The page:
Aging Studies and Ecocriticism: Interdisciplinary Encounters argues that both aging studies and ecocriticism address the complex dynamics of individual and collective agency, oppression and dependency, care and conviviality, vulnerability and resistance as well as intergenerationality and responsibility. Yet, even though both fields employ overlapping methodologies and theoretical frameworks and scrutinize “boundary texts” in different literary genres, which have been analyzed from ecocritical perspectives as well as from the vantage point of critical aging studies, there has been little scholarly interaction between ecocritical literary studies and aging studies to date. The contributors in this volume demonstrate the potential of specific genres to narrate relationality and age, and the aesthetic and ethical challenges of imagining changes, endings, and survival in the Anthropocene. As the first step towards putting both fields in conversation, this collection offers new pathways into understanding human and nonhuman ecological relations.
Nassim Winnie Balestrini is professor of American studies and intermediality at the University of Graz, Austria.
Julia Hoydis is professor of English literature at the University of Klagenfurt, Austria.
Anna-Christina Kainradl is pre-doctoral researcher at the Center for Interdisciplinary Research on Aging and Care (CIRAC) at the University of Graz, Austria.
Ulla Kriebernegg is professor in cultural aging and care studies and director of the Center for Interdisciplinary Research on Aging and Care (CIRAC) at the University of Graz, Austria.
Nassim W. Balestrini, Julia Hoydis, Anna-Christina Kainradl, and Ulla Kriebernegg: Time, Relationality, and Fears of Ending: Encounters between Aging Studies and Ecocriticism
Part I “Aging Bodies and Environments”
1 Silvia Gerlsbeck: “A World in Flux”: Temporality, Aging, and Environmental Change in V.S. Naipaul’s Late Work
2 Christian Lenz: Footprints in the Jungle: Creating a Legacy in the Rainforest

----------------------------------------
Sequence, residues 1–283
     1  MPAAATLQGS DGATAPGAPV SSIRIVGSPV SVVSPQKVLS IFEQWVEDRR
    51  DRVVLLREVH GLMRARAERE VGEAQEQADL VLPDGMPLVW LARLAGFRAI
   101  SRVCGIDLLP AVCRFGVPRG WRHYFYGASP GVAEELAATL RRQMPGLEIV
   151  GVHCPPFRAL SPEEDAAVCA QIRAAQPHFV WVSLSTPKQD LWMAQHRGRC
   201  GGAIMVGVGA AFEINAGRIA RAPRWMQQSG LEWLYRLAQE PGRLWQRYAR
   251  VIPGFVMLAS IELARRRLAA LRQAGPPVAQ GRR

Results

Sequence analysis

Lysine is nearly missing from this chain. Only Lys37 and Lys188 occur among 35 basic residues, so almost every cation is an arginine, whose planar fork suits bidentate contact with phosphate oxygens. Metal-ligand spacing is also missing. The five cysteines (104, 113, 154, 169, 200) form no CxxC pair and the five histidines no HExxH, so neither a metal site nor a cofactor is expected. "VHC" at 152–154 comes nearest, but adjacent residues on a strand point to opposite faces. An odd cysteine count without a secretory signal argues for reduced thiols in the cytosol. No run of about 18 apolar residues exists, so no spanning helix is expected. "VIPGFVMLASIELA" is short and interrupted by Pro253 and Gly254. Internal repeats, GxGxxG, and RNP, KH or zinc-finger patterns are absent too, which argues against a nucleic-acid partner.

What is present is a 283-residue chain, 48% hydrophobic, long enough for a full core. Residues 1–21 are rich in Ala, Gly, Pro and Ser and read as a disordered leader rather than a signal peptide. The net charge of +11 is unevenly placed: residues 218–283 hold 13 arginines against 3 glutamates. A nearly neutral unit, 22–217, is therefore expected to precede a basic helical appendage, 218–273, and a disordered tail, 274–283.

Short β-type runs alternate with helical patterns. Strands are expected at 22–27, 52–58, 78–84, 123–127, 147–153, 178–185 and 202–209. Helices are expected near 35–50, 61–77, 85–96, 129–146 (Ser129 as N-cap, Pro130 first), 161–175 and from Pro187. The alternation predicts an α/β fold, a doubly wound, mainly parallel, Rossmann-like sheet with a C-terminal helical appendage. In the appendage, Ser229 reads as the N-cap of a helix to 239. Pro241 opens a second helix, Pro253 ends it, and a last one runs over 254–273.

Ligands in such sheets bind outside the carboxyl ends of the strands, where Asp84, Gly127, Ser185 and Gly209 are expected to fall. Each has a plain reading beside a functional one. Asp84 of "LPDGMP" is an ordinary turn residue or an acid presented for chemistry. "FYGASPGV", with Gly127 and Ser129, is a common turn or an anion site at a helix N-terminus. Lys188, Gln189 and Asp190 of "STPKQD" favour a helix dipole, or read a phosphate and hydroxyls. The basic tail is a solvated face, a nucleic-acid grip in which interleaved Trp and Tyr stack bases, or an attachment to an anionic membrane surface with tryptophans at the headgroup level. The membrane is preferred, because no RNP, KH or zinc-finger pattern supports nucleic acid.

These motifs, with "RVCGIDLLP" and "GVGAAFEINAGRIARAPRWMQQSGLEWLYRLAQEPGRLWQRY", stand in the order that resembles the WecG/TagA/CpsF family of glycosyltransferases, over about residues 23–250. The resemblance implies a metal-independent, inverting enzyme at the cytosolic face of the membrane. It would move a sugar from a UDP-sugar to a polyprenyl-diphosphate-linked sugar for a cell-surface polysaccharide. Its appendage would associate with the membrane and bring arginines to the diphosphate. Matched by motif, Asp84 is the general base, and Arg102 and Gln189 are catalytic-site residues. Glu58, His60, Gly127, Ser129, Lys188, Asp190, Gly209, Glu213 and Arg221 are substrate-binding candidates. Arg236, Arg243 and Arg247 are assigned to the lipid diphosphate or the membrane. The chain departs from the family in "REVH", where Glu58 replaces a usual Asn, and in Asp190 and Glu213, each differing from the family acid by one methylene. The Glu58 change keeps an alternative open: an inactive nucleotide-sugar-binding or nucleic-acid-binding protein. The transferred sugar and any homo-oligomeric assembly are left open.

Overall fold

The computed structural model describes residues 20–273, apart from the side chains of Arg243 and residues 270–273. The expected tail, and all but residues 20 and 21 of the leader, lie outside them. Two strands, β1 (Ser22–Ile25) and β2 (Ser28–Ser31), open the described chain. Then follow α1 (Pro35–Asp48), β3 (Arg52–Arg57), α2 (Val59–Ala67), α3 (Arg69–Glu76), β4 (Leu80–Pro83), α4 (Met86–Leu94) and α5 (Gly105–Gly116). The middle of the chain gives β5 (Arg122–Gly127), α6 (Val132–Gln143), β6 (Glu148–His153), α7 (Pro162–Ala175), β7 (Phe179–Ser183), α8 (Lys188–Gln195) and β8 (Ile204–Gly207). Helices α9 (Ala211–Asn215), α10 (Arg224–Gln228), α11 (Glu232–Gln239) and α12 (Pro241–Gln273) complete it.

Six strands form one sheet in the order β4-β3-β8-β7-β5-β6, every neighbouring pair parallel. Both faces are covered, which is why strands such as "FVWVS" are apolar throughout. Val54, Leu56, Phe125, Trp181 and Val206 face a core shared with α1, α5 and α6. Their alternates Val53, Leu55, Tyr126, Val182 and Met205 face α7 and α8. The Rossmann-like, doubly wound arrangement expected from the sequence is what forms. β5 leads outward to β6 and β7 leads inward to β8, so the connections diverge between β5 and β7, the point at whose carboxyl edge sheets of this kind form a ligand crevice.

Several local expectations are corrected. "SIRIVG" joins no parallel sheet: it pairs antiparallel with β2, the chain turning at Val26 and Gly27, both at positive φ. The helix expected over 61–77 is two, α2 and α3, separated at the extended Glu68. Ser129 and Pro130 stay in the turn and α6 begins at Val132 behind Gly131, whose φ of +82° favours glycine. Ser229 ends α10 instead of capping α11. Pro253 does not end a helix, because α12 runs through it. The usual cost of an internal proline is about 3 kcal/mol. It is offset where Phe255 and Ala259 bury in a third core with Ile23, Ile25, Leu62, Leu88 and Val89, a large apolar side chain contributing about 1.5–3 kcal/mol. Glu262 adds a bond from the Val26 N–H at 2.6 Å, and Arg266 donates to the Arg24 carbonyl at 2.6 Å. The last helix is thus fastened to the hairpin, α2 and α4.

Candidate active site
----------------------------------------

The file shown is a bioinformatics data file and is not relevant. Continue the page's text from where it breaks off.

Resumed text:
3 Jade E. French: “Zoological Outcasts” and the Aging Other in Jean Rhys’s Late Short Stories
4 Núria Mina-Riera: Embodying Age(ing) in the Non-Human World in Lorna Crozier’s Poetry
5 Simon Dickel: Beyond Reproductive Futurism: Harold and Maude’s Ecological Aesthetics
6 Tina-Karen Pusse and Michaela Schrage-Früh: Time Travel, Age/ing and Ecology in the German Netflix Series
Part II “Growing Old Amid Environmental Crises”
7 Adrian Tait: Imagining Longevity and Sustainability in Walter Besant’s The Inner House and William Morris’ News from Nowhere
8 Stephen Hahn: Literature and the “Cultural Scripting” of Aging and Dying
9 Julia Hoydis: Caring (for) Futures: Intergenerational Justice in Contemporary Drama
10 Julia Henderson and Katrina Dunn: Old(er) Women and the Apocalypse: Three Dramatic Representations
11 Albert Banerjee: Learning to Live Well within Limits: Exploring the Existential Lessons of Climate Change and an Aging Population
Part III Afterword
12 Peter J. Whitehouse: Emergent Cosmic Return: The Field of Possibilities for Aging in a Proposed New Geological Epoch
About the Authors
This book is a smart and insightful collection of chapters exploring “growing old at the end of the world.” I was immediately taken in by the similarities between aging studies and ecocritical approaches to understanding and deconstructing temporalities and the passing of time and couldn’t help but wonder: Why has it taken so long to have a book such as this? It will become required reading for my future classes.
This remarkable book tackles the relationship between two interdisciplinary fields: Aging Studies and Ecocriticism. The issues presented in this volume are thought-provoking. The depth of dialogue challenges the reader to think in more complex terms about the encounters between the two fields. The text is full of fresh ideas which will surely serve as a major resource for the needed scholarly interaction between environmental and aging studies in the humanities.